The group had decided to outsource their insurance operations, and only a small team of us remained to manage the handover. I had a choice between finding a new position or staying on 2 days a week for a while and using that interim period to dip my toe in the water and see if I wanted to go into public practice full-time. It was a no-brainer. I went for it, and I've never regretted it for a single moment ever since.
For one thing, I actually feel as though I'm doing something useful these days. My clients are really appreciative of the work I do for them and rely on my advice. So different from the old days, when I felt more like a cog in a machine, and I certainly never really felt appreciated. Back then, I seemed to spend more time sorting out staff issues or sitting in weekly meetings than doing any useful work, and I was getting bored with the repetitive cycle of head office reporting and regulatory returns.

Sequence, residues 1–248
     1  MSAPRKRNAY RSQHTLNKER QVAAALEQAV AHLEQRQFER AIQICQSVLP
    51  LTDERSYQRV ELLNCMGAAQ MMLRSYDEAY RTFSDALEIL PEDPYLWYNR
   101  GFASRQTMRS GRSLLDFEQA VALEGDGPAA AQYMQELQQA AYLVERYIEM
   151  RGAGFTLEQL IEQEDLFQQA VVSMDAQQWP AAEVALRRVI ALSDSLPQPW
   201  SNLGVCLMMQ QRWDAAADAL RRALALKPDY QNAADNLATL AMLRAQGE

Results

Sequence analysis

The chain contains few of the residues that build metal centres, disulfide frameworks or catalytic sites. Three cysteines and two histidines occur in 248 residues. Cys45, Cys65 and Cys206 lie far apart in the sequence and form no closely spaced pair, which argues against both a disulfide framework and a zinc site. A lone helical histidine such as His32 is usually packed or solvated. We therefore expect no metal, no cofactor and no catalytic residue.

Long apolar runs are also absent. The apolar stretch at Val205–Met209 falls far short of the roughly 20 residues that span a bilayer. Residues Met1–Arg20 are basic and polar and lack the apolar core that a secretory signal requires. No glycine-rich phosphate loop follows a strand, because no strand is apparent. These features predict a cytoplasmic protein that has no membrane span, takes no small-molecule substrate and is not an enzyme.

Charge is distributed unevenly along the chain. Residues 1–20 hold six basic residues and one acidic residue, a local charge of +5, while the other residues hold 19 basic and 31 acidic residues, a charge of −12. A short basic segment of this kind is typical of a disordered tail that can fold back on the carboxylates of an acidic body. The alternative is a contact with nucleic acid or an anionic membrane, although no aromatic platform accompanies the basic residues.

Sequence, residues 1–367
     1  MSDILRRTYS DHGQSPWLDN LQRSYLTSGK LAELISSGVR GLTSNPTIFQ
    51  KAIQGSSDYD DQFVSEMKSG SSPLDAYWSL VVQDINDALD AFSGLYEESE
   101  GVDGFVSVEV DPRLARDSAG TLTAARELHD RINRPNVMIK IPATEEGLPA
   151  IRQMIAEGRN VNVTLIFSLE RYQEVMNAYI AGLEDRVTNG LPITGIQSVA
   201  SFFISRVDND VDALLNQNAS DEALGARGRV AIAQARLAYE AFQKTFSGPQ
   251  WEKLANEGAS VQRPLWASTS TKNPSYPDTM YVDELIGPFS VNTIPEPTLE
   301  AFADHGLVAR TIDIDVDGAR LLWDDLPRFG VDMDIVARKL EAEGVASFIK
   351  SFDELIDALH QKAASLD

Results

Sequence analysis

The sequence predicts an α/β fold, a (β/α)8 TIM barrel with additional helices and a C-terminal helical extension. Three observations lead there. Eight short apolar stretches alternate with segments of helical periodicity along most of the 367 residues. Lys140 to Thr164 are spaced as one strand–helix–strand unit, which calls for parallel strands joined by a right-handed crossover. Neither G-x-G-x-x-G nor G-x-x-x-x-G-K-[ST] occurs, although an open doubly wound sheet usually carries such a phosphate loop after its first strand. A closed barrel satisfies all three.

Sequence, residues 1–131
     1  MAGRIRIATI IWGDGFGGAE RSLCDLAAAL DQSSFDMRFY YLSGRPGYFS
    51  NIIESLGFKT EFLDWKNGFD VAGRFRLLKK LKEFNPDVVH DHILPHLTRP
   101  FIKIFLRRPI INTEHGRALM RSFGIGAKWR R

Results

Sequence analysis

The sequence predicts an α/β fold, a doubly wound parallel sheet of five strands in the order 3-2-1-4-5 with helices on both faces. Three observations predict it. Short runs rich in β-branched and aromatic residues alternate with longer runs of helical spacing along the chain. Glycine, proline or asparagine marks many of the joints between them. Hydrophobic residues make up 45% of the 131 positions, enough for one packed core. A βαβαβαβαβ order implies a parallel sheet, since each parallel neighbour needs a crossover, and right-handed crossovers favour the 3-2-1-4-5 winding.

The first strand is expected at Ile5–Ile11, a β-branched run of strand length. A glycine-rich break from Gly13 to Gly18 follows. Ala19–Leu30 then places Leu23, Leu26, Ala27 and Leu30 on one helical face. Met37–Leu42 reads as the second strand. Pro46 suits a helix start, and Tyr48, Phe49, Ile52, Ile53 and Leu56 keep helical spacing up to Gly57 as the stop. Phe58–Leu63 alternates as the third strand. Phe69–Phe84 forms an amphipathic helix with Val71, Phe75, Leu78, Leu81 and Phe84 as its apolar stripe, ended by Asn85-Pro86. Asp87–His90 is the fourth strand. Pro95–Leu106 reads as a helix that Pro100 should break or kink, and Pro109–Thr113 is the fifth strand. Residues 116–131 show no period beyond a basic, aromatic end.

I came to another career cross-roads in 2008 when the "old job" finally came to an end and simultaneously my largest client created his own accounts department, precipitating a big drop in turnover. I decided to focus more on the tax side of things, so set up a new brand called Acumen Tax Solutions and marketed it with a series of fact sheets, which ranked highly on the internet and drove business towards the main website.
I've always enjoyed tax more than accounts and by that time I'd added considerably to my knowledge and experience. Anyway, there's not much money in number-crunching any more. Those days are over. You have to be more of an all-rounder now and advise on all sorts of things, from IT to HR to tax, and I find the tax work a lot more fulfilling. I've even found the time to write a couple of Tax Cafe books which have helped to put me "on the map" so to speak.